Opioid maker Endo’s $98 million bonuses delayed in bankruptcy court
A bankruptcy judge on Thursday approved the payment of $93,000 in short-term incentives to employees and sales representatives of Malvern’s Endo International, but delayed a broader ruling on big bonuses to company insiders and to others.
Endo, one of the nation’s largest opioid makers, paid $94 million in bonuses to its top executives and high-level employees before filing for bankruptcy in mid-August, and the company offered in its restructuring plan another $98 million in bonuses for Endo employees this year, according to court documents.
A federal bankruptcy watchdog and a committee of opioid victims say the bonuses are draining Endo’s financial resources as he faces 3,100 opioid lawsuits.
Lawyers for the committee estimate there could be 600,000 victims of Endo’s opioid painkillers and say Endo has set aside virtually nothing for them.
Endo, best known for Percocet, sold Opana for severe pain. The pharmaceutical company pulled Opana from the consumer market in 2017 due to the potential for abuse and addiction.
Former Tennessee Attorney General Herbert H. Slatery III claimed in a 2019 lawsuit that Endo was “essentially responsible for the opioid epidemic in Tennessee” when Opana pills flooded parts of the state. State.
Bankruptcy Judge James L. Garrity Jr. approved the $93,000 in incentives for Endo employees as the drug company continues to operate and scheduled a bounty hearing for Nov. 10. Eighty lawyers attended Thursday’s 40-minute hearing.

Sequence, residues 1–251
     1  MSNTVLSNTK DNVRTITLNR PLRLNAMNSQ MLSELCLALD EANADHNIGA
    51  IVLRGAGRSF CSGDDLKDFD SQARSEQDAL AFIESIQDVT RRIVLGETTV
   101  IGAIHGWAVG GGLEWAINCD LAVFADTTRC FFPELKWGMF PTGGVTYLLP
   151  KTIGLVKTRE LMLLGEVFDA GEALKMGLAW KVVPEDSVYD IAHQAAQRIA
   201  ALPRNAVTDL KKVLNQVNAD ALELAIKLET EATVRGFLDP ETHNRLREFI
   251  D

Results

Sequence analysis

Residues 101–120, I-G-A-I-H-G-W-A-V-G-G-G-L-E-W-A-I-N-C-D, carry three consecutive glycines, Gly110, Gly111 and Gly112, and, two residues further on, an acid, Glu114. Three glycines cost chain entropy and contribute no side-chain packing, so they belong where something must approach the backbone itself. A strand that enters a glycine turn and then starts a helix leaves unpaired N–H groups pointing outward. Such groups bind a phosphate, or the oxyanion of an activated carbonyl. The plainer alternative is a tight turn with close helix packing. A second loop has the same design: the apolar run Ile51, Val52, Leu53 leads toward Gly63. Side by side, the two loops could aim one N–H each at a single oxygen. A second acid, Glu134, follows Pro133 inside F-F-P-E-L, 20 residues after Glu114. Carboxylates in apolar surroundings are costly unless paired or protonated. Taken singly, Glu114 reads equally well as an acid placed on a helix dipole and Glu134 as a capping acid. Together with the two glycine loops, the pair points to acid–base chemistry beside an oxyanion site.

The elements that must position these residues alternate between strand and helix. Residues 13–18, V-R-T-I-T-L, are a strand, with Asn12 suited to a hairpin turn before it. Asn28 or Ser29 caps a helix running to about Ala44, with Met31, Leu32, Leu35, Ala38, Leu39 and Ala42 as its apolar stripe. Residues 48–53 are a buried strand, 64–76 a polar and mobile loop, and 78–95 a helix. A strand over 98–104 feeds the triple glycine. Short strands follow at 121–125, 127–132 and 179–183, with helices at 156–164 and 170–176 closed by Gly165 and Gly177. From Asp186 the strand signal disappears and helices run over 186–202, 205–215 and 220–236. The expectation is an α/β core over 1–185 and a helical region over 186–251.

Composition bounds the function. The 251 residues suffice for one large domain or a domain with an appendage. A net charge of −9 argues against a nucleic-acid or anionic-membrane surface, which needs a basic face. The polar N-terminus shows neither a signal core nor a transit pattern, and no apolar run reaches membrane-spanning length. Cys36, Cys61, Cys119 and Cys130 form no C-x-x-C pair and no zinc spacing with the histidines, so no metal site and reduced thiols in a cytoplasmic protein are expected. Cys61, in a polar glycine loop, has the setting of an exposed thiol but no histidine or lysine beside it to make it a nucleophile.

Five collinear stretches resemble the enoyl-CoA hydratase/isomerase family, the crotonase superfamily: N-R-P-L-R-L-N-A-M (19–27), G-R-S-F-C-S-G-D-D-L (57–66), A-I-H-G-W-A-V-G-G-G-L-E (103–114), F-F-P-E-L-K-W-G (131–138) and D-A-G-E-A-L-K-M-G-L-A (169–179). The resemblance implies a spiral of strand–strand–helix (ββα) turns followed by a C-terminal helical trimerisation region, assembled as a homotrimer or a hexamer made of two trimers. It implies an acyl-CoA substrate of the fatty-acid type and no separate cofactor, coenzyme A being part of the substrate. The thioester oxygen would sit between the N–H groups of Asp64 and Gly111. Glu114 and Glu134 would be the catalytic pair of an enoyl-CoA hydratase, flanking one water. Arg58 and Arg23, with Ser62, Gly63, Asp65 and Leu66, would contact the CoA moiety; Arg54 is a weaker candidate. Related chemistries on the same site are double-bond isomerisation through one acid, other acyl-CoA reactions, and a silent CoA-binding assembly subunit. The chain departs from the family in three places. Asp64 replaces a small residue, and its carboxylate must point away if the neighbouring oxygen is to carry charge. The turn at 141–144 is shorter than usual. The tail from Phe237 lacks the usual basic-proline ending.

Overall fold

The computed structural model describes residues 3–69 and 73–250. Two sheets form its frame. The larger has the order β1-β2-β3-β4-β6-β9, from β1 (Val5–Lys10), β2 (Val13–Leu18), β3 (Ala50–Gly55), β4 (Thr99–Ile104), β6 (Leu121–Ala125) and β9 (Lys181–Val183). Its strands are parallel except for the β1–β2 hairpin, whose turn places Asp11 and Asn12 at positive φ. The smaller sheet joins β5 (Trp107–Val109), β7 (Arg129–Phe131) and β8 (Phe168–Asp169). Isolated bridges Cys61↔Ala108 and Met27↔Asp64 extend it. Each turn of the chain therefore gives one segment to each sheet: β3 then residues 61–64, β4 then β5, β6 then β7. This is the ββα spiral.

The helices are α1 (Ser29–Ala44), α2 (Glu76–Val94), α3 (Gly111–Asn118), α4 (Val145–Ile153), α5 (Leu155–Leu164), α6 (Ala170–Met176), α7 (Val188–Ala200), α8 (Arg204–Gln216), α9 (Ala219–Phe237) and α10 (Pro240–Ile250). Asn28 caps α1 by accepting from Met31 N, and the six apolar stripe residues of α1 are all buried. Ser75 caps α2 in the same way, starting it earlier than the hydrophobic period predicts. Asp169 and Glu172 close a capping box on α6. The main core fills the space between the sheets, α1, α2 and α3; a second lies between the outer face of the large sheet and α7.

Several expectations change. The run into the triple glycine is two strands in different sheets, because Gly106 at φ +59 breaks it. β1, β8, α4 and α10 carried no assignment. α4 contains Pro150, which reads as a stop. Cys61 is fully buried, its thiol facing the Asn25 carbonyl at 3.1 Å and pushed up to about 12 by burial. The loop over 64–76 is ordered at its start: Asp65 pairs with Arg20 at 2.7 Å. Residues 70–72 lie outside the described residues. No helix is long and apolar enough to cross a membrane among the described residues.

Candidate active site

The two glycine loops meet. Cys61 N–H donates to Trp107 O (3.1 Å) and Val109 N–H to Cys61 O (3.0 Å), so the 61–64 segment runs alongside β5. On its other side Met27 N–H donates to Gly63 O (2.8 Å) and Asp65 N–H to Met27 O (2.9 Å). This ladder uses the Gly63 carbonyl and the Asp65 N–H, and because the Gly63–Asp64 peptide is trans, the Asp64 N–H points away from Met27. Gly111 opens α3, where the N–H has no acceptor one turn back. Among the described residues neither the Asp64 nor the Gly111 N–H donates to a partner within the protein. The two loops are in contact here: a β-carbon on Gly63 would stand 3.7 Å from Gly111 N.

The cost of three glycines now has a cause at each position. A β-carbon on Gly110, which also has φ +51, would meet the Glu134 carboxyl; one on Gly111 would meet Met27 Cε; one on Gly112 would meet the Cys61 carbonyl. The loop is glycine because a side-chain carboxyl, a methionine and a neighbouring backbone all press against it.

Critics of the bonuses have argued with the company over who should be designated an Endo “insider” and whether they can claw back the bonuses if it is determined that the individual has participated in criminal activity involving opioids at Endo.
Susan Arbeit, attorney for the US trustee watchdog, said the trustee may question Endo’s human resources director, Tracy Basso, about how she categorized insiders with respect to bonus payments. Basso described in a court filing outlining about 1,500 employees in the bands, from those with the highest responsibility to those with the lowest, or from the general manager to administrators, operators and technicians eligible for overtime. She identified 21 insiders.
On August 16, Endo filed for bankruptcy with just over $1 billion in cash and billions of dollars in debt.
A group of Endo lenders owed about $6 billion and are offering to acquire the drug company in a “hunt bid” at a bankruptcy auction, court documents show. They will bid for Endo what is due to them. Endo has a large drug portfolio with facilities in the United States and India. If successful, they will own the pharmaceutical company, but without the legal liabilities of opioid lawsuits.
To settle opioid liability, Endo’s buyer would create three trusts with approximately $550 million over a decade. Funds would be distributed among states and government entities, private victims such as individuals and hospitals, and Native American tribes in this manner: $450 million for states and government entities, $85 million for victims private and $15 million for Native American tribes.
A group of state attorneys general have described pre-bankruptcy bonuses given to Endo executives in court documents as “secret” and “excessive.”
A filing by opioid victims, officially the Opioid Claimants Committee, says the average non-executive Endo employee will receive 31 times more bonuses than the current restructuring proposal provides for opioid claimants. private.
On Thursday, Garrity also approved the sale of an Endo facility in Chestnut Ridge, NY, for $19 million.